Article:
The following article previously appeared in the November, 1993 issue of Fresh Tracks, the journal of the Washington State Police Canine Association. Officer Steve White is a trainer with the Seattle Police K-9 Unit.
You're good and so is your dog. You two have the skills to find the baddest of the bad. Maybe, they can hide and you won't see them. Maybe, they can be quiet and you won't hear them. But, they can't stop producing scent. The harder they try, the more stress they induce, and the more scent they pump out. Better yet, that scent is more likely to contain the pungent apocrine sweat -- frequently described by K-9 handlers as "enhanced scent."
All in all, this a formula for an easy track, right? Maybe so, but it doesn't always work out that way. We have all had slumps. We know they are just part of the ebb and flow of life. Knowing all this does nothing to ease the frustration. As with any endeavor, frustration adds to the problem by generating performance anxiety. The downward spiral accelerates.
The causes for slumps fall into two categories -- dog/handler problems and/or patrol procedure problems. The source of most problems might surprise you. Before you can pull yourself out of your slump, you have to accept the likely cause and cure, no matter how ego-deflating that realization might be.
First Define the Problem-
First, we must define what a slump actually is. Slumps are when an experienced and usually productive dog team has a marked drop in productivity on K-9 cases. Novice teams do not fall into this category; they are in a state of transition roughly equivalent to the move from apprentice to journeyman. Although competent to perform the job, they need experience to maximize their potential. In Seattle, we have found that it is the exceptional team that has higher than average productivity before their second year on the street.
Next, let's look at dog/handler problems and their effects. The first thing you must do is examine the dog's performance in the controlled conditions offered by training. Is he lackluster, slow, or stiff? If so, check his health. We have found that all sorts of things which seem to have nothing to do with scent work can impair the dogs willingness and ability to work. Parasites, panosteitis (even in dogs as old as 3 years), viral infections, toothaches, and ear infections are just a few of the medical impediments to scent work.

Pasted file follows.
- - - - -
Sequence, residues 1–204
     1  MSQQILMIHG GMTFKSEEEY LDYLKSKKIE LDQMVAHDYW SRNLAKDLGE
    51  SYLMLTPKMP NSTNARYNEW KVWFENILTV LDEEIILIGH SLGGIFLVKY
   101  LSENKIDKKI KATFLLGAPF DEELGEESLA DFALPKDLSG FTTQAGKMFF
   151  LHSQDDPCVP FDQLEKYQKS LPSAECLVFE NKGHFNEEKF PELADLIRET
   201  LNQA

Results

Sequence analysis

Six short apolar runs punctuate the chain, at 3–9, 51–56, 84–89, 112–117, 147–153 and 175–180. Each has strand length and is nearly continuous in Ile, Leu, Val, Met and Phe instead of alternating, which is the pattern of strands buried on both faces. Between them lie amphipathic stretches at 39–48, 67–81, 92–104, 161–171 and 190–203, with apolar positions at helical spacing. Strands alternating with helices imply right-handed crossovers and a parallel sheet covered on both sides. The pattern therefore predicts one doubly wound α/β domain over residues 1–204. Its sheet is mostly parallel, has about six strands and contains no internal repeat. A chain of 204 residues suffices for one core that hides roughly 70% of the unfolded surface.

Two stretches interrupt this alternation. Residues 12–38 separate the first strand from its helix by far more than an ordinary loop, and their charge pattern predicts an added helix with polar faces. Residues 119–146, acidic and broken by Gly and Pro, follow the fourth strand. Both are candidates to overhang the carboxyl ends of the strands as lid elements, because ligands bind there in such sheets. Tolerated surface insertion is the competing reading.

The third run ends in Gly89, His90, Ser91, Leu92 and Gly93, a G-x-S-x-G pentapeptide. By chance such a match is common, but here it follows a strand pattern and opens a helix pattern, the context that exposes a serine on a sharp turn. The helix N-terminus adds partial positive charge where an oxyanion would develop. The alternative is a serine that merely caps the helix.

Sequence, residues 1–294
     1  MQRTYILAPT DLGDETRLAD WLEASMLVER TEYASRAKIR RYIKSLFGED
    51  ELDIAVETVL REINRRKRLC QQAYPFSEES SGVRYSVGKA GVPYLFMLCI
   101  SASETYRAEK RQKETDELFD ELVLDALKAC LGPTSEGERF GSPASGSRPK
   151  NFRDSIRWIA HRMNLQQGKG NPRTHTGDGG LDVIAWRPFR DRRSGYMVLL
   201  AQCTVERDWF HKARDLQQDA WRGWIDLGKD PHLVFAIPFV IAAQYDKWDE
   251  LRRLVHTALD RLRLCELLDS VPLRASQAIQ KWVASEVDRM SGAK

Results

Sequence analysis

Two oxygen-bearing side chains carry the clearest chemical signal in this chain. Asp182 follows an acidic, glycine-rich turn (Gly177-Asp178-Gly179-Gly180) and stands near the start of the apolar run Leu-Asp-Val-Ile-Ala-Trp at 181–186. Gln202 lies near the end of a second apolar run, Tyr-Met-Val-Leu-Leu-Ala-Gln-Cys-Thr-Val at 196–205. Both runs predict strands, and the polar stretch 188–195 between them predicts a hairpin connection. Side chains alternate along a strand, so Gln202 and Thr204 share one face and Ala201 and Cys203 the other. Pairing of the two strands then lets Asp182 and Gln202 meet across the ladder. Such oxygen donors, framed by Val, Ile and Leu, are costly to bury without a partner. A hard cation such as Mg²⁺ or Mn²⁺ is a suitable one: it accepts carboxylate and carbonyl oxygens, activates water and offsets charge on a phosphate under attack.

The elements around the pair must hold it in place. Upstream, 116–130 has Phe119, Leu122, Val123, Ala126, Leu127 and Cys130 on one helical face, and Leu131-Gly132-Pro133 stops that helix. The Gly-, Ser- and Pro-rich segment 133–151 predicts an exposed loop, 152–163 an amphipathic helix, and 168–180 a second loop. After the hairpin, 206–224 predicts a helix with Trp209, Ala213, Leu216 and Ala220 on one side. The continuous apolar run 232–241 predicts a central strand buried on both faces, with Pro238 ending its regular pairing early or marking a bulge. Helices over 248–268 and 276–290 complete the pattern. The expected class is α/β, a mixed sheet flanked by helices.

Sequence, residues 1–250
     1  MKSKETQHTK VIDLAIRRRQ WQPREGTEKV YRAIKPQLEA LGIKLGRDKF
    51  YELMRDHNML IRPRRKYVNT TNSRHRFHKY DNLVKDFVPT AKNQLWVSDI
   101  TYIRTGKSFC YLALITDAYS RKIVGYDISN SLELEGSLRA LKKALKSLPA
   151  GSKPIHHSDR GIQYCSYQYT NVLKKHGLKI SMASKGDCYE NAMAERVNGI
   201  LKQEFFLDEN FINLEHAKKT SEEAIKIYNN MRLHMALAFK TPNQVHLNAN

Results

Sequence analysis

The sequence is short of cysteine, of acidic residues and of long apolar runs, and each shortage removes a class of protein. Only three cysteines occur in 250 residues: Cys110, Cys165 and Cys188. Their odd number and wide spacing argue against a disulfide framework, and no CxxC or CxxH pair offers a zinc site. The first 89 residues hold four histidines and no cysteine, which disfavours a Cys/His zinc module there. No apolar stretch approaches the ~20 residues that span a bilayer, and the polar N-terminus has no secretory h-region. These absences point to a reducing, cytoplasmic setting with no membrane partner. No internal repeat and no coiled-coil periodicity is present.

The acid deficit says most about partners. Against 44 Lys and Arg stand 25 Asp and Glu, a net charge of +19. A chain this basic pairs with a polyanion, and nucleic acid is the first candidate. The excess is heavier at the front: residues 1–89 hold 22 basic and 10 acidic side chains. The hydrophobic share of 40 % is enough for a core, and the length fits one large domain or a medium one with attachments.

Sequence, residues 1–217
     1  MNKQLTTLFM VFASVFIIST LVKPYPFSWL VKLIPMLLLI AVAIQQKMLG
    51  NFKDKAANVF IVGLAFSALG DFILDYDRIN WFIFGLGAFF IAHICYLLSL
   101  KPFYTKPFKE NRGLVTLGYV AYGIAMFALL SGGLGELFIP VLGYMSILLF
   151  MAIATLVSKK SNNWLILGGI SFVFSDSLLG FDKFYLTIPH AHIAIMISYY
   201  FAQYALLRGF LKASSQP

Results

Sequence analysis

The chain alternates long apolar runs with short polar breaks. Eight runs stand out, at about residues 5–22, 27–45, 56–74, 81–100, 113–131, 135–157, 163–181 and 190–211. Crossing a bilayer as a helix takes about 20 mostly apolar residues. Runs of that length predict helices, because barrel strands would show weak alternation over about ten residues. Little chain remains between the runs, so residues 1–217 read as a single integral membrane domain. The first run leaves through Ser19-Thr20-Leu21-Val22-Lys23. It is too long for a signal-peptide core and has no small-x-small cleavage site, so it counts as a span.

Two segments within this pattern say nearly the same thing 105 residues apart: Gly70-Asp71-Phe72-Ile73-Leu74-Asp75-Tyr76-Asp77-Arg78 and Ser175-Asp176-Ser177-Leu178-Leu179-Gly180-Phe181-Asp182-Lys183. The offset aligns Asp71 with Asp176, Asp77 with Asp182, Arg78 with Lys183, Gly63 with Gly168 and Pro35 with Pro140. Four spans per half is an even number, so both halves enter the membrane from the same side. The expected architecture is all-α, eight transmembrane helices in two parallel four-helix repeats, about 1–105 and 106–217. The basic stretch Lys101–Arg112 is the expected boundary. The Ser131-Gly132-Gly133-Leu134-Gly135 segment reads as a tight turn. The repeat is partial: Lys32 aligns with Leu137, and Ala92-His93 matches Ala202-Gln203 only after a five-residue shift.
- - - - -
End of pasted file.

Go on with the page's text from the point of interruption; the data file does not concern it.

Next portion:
Think about it . How would you like to run full tilt on track while ill? With his already sore head filling with blood because it is lower than his body, your dog is not going to want to keep his nose down where the scent is. Similarly, body aches tend to just make the dog feel blasé. This dog needs to see a vet. You'd be amazed at the improvement a little aspirin or antibiotic can make.
If he seems to be trying his best to track, but can't seem to smell the scent, look for a medical problem first. Minor sinus infections, earaches, toothaches, and even inhaled grass seeds can impair the dog's ability before he has other symptoms profound enough for you notice.
Help Your Dog Focus
Often problems show up in the dog, but stem from something the handler has been doing: I know whereof I speak, because I've made all these mistakes myself. The following list gives concepts and tips which proved to be effective slump solvers:
Focus on the means, not the end. Is a dog that used to be a focused, methodical worker now starting to go too fast? Often this problem is the result of emotions from the handler over exciting the dog. Often handlers realize that their dog is not performing properly and try to compensate with motivational training. Frequently this exacerbates the problem, by over-emotionalizing the dog when he needs to work calmly and methodically. Jazzing the veteran dog up en route to the track, and heavy man work at the end, tend to make the dog focus on the end (dealing with the bad guy) rather than the means (tracking). It helps the dog focus on the track when you have a calm, yet enthusiastic starting ritual, and a less confrontational end.
Time for a reality check. Is the dog performing well in training, but can't seem to find a real bad guy? This usually stems from one or two things. First, we must accept that no matter how we try to simulate reality, dogs know the difference between training and real applications. All training lacks the emotional components (yours and the other participants') that are present in real applications. Also, training usually has some sort of equipment associated with it. These are cues to the dog. Cues that tell him whether or not it is worth his while to put forth his best effort.
Think of it from his perspective. He is 100 percent successful in training, so he "knows" it is worth focusing there. However, in real applications he is lucky to be successful 30 or 40 percent of the time. Once he realizes this, he may be less motivated to work on something that isn't as likely to produce good results. Often this problem is compounded by well-intentioned handlers who put the dog out on every possible application, even the very low probability ones. This, in essence, de-trains the dog, by teaching him that his odds of success are very low (less than 15 or 20 percent) on real applications.
The cure? Respectfully decline low probability applications, and strive to eliminate equipment association in training. Try sleeveless tracks with a high quarry, dropping the sleeve off at the end, and muzzled tracks (use this only if your are religious about working your dog in the muzzle in non-man work and non-scent situations).
Copyright 1993 by Steve White. Reprinted with permission of the author.